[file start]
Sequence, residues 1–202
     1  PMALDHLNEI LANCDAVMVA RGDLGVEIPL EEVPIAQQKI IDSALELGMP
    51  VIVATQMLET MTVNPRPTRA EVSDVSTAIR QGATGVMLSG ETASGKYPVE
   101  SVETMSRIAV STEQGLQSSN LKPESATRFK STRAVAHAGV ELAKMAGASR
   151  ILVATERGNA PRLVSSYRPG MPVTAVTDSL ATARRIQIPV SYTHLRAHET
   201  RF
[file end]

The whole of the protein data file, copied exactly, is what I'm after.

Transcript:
Sequence, residues 1–202
     1  PMALDHLNEI LANCDAVMVA RGDLGVEIPL EEVPIAQQKI IDSALELGMP
    51  VIVATQMLET MTVNPRPTRA EVSDVSTAIR QGATGVMLSG ETASGKYPVE
   101  SVETMSRIAV STEQGLQSSN LKPESATRFK STRAVAHAGV ELAKMAGASR
   151  ILVATERGNA PRLVSSYRPG MPVTAVTDSL ATARRIQIPV SYTHLRAHET
   201  RF